2 years after Elphinstone Tragedy, another overbridge collapses in Mumbai

Mumbai overbridge collapse

The foot overbridge connecting Mumbai’s Chhatrapati Shivaji Maharaj Terminus railway station with BT lane collapsed on Thursday killing six people and injuring 31 others.

The Indian Express on Friday reported that the collapsed bridge was declared “fit for use” in a structural audit submitted just six months ago.

This is the third such tragedy which has taken place in less than two years.

This certainly raises questions on the government’s attention towards Mumbai’s crumbling infrastructure.

In July last year, part of a 40-year-old bridge at the Andheri station collapsed due to heavy rain, injuring five people.

Before that, in September 2017, a stampede broke out on a railway bridge at Elphinstone station bridge during peak office hours killing 22 people and injuring 30 others.

The Elphinstone tragedy issued an alarming and grim reminder of the state of railway mismanagement and lack of priority towards passengers’ safety, but to no avail since two other tragedies took place in less than two years of it.

Also read: Bullet train at the cost of Elphinstone tragedy and many more

During Suresh Prabhu’s stewardship that commenced in 2015, the Indian railways witnessed a staggering 346 accidents which resulted in the deaths of at least 277 individuals.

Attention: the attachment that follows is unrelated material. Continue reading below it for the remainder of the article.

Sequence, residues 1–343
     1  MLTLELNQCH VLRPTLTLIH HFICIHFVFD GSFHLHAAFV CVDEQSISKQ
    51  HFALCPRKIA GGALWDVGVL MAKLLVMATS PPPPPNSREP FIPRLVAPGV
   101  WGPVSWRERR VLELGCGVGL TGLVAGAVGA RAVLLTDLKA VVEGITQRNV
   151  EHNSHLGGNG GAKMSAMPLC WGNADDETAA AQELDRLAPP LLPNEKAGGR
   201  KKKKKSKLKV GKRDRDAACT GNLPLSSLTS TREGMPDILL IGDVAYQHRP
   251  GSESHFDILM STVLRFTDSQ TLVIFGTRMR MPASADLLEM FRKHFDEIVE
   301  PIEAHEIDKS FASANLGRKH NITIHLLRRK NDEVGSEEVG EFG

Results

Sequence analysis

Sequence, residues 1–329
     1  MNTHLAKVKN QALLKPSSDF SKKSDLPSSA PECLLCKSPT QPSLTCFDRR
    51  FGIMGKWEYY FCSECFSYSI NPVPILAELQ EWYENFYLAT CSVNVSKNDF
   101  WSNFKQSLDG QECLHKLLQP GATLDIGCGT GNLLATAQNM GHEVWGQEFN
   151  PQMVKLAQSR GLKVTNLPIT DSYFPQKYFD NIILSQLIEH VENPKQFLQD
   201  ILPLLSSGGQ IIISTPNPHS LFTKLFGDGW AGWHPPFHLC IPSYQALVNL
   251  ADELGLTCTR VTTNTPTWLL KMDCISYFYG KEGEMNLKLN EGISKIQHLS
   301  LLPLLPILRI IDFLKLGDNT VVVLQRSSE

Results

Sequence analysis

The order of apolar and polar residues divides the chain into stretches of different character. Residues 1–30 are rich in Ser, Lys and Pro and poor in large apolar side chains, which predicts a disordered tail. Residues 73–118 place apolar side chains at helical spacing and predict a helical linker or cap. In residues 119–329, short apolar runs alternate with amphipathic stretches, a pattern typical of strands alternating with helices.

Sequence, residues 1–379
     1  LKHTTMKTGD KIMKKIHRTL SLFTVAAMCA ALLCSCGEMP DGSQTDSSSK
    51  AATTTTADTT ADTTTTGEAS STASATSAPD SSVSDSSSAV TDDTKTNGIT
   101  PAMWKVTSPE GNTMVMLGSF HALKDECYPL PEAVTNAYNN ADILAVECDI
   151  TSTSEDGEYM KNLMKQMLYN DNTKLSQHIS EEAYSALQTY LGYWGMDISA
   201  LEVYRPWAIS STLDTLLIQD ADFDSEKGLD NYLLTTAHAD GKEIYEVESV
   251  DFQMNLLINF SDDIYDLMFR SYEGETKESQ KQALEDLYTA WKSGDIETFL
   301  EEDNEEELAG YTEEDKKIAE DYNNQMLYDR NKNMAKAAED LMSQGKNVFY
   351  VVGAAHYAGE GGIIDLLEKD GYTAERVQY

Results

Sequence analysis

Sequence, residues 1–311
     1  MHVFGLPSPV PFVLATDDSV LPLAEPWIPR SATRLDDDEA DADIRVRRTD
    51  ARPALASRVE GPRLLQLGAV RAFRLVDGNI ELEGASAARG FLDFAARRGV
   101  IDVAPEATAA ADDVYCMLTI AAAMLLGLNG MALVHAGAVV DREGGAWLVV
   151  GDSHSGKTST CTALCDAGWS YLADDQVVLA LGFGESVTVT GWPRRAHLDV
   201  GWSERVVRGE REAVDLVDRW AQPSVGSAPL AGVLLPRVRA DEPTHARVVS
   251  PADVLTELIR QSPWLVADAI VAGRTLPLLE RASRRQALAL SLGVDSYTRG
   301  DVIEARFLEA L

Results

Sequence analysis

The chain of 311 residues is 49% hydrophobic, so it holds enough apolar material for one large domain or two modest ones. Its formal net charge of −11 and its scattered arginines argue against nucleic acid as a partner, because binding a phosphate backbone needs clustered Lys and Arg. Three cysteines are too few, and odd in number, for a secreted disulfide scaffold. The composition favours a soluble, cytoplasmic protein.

To take the issue of derailments alone, a systemic problem that plagues the railway grid. Between 2016-17, an IndiaSpend analysis of Parliament data has shown that railway accidents from the same resulted in the highest death toll (193) in nearly a decade.

And yet, by the end of Suresh Prabhu’s disappointing tenure, nearly 1.42 lakh vacancies for the position of safety officers, who could oversee and ensure that due diligence is paid towards the safety of passengers, remained empty.

The Indian Railways is one of the most inspiring yet complex projects undertaken anywhere in the world. Currently, taking a daily average, the operations transport nearly 23 million people a day, employs 1.3 million workers who work to ensure that the 19,000 trains that run each day are operational. But it is also a system that is plagued by severe infrastructure deficits, a poor safety record and the over utilisation of tracks.

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